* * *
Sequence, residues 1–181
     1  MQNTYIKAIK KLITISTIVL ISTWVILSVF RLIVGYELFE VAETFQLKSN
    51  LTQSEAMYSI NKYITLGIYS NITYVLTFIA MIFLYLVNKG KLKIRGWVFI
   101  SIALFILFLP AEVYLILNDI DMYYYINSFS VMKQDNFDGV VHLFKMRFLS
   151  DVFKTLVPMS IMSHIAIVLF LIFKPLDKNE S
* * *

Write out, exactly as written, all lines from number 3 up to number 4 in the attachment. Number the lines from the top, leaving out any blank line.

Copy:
    51  LTQSEAMYSI NKYITLGIYS NITYVLTFIA MIFLYLVNKG KLKIRGWVFI
   101  SIALFILFLP AEVYLILNDI DMYYYINSFS VMKQDNFDGV VHLFKMRFLS